From a New Yorker article on sea-level rise called “The Siege of Miami,” by Elizabeth Kolbert, in the December 21 and 28, 2015, edition:
As the ice age ended and the planet warmed, the world’s coastlines assumed their present configuration. There’s a good deal of evidence—much of it now submerged—that this process did not take place slowly and steadily but, rather, in fits and starts. Beginning around 12,500 B.C., during an event known as meltwater pulse 1A, sea levels rose by roughly fifty feet in three or four centuries, a rate of more than a foot per decade. Meltwater pulse 1A, along with pulses 1B, 1C, and 1D, was, most probably, the result of ice-sheet collapse. One after another, the enormous glaciers disintegrated and dumped their contents into the oceans. It’s been speculated—though the evidence is sketchy—that a sudden flooding of the Black Sea toward the end of meltwater pulse 1C, around seventy-five hundred years ago, inspired the deluge story in Genesis.
Considering that there’s more than one flood story in ancient literature—as the SFE entry on the theme of disaster points out, “Tales of universal floods are at least as old as The Epic of Gilgamesh (circa 2000 BCE)”—it’s easy to believe that something actually occurred way back when, before the invention of writing, and also before history was separated from mythology. Because I encountered Gilgamesh long ago, in college, the idea of a real event doesn’t surprise me, but it’s fascinating that scientists are able to make a guess about when it happened.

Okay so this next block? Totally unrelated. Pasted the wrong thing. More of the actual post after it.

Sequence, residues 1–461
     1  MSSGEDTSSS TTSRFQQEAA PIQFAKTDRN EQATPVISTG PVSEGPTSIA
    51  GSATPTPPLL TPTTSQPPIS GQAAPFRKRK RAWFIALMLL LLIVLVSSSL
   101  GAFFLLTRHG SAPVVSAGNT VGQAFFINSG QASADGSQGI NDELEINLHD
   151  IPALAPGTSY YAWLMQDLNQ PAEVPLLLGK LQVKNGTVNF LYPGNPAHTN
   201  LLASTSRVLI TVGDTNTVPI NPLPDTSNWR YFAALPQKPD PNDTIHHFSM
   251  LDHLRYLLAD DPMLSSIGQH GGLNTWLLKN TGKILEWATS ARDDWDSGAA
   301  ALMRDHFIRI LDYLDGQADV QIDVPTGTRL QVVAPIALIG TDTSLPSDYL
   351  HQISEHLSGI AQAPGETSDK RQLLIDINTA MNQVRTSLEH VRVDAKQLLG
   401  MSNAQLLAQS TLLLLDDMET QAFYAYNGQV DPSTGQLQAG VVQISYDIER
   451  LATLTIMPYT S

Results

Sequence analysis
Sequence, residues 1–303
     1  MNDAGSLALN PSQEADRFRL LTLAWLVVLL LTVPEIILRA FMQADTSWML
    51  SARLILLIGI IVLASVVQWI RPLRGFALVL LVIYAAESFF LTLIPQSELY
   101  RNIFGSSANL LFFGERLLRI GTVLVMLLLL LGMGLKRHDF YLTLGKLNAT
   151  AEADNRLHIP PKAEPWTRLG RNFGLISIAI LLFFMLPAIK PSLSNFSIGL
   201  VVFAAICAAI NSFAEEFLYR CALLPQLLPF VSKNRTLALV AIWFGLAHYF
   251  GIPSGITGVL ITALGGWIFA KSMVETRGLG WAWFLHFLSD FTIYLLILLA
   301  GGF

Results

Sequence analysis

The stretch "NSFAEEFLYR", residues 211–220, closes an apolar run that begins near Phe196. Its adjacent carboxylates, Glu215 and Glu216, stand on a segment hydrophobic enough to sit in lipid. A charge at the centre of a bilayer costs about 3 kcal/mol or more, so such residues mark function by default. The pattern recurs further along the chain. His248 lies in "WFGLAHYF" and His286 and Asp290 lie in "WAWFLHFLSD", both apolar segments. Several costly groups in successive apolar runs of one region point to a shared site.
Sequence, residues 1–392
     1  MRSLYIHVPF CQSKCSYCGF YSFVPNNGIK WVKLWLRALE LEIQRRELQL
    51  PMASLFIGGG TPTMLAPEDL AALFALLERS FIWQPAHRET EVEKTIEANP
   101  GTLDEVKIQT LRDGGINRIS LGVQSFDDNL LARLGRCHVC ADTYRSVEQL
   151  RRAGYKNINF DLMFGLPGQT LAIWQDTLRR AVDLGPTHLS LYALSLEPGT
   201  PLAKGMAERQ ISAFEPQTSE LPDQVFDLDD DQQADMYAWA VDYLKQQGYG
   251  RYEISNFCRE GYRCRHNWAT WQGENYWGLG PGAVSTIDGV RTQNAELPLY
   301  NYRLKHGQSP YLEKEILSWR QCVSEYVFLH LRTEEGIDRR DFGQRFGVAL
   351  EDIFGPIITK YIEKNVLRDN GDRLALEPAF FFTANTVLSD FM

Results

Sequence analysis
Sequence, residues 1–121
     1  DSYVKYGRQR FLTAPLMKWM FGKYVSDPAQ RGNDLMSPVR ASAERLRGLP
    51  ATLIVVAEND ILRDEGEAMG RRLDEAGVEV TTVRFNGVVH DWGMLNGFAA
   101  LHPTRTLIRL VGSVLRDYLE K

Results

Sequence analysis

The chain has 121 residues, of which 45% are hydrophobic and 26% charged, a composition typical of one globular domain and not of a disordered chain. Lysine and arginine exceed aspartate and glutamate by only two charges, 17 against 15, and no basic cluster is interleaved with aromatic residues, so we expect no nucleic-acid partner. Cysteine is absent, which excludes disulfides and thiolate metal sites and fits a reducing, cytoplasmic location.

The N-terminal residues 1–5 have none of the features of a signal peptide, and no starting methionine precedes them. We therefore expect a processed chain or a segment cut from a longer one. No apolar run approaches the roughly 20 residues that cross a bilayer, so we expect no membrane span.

Television hasn’t been much prone to sequelism, because a series is, by definition, a thing that keeps coming back—recurrence is built in. So it’s pretty odd that the Fox network decided to revive its SF-and-conspiracy drama The X-Files for what amounts to a six-episode sequel, which starts tonight. The show began in 1993 and came to a fairly conclusive ending in 2002, after nine seasons and one movie (a much-derided second film was released in 2008), appearing to have nowhere left to go. At its peak, the series was well written, well produced, winningly wacky and engaging, both popular and influential. But it lost its way before time and consequently lost some of its admirers, as the show’s entry in the Encyclopedia of Science Fiction points out; its departure was not entirely regretted. The X-Files is not so recent that it can just be restarted, as Netflix has done for a handful of shows. Nor does there seem to be much room for a fresh look, a new version for a new era, given that Fringe, which ran on the same network between 2008 and 2013, already regenerated the show in a sense. Replacing aliens with a parallel universe, Fringe could’ve been called The Altiverse Files.